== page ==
The effects of increased revenue transparency in the extractives sector: The case of the Extractive Industries Transparency Initiative
The article can be downloaded here: http://www.sciencedirect.com/science/article/pii/S2214790X16301289
It has been argued that transparency can play an important role in allowing governments and citizens to benefit from their natural resource wealth.
The Extractive Industries Transparency Initiative (EITI) was established in 2002 to promote transparency in the revenues collected by governments from the extractive industries, bringing industry, government and civil society stakeholders into the monitoring process.
This study assesses the impact of EITI membership on two factors argued to be affected by resource wealth, economic development and corruption. Using panel data from 1997/98 to 2014, the study estimates a fixed effects model to evaluate the impact of joining the EITI on changes in economic and corruption indicators overtime and compared to non-members, conditional on a country’s level of resource dependence.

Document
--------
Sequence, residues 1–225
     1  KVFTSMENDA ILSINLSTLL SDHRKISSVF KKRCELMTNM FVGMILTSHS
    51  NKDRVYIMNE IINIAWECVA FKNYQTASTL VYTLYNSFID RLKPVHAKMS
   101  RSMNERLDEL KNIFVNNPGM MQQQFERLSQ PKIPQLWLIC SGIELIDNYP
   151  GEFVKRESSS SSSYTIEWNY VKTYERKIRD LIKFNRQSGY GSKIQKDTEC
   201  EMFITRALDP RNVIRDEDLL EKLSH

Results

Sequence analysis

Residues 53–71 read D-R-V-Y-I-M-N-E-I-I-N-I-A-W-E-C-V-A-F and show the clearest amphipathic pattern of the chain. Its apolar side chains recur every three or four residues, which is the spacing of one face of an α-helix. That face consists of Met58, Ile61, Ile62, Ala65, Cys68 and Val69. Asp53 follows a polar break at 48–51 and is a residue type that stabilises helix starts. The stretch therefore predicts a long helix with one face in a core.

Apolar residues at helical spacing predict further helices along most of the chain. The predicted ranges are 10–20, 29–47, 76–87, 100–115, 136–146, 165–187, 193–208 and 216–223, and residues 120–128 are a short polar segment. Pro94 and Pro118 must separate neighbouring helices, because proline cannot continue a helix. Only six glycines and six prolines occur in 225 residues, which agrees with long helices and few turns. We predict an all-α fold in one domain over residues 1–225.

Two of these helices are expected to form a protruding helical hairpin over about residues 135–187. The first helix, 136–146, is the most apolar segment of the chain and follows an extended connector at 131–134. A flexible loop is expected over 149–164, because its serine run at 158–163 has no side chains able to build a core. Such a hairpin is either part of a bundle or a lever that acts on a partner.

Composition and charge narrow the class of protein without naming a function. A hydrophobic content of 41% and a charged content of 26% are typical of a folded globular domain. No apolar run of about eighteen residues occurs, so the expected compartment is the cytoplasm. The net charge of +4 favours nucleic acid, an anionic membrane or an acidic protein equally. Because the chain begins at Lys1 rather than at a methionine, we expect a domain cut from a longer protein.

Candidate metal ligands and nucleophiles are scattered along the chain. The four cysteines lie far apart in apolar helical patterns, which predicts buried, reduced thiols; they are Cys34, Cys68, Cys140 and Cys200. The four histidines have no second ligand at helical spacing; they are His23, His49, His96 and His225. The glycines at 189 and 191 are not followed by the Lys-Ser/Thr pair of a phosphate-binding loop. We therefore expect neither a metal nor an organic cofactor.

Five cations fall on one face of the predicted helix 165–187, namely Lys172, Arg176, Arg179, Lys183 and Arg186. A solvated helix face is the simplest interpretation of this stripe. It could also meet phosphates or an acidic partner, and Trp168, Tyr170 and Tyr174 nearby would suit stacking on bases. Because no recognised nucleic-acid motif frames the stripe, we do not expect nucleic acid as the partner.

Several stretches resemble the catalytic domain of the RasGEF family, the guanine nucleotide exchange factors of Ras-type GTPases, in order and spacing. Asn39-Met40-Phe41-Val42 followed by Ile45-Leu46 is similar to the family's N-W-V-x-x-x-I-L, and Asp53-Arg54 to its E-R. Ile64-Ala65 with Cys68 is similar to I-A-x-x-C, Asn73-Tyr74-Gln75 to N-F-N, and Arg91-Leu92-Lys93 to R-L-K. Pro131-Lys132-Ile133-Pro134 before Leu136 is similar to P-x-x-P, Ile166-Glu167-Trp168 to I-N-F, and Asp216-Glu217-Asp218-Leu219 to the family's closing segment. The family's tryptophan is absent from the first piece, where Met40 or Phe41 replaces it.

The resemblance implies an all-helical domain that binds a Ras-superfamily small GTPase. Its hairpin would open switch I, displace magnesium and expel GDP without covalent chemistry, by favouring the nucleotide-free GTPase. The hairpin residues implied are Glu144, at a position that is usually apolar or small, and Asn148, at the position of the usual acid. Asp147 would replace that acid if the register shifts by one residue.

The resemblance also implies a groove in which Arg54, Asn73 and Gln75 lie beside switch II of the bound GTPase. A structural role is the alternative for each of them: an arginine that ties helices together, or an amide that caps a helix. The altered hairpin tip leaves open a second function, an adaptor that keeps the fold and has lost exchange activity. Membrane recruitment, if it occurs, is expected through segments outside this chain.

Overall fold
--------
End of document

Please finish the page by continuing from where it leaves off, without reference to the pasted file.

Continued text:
The study finds that the EITI has had a significant and positive effect on economic development in member states since its inception, but these effects have not yet been translated to observable and significant improvements in control of corruption.
The economic benefits of revenue transparency have important implications for resource producing governments who are considering joining the EITI and for resource importing governments that are currently considering increased regulation concerning revenue transparency in the extractive industries.
• Analysis of the impact of the EITI on economic development and corruption.
• EITI membership significantly increases levels of GDP per capita.
• EITI membership has not yet been observed to have led to a significant improvement in the control of corruption.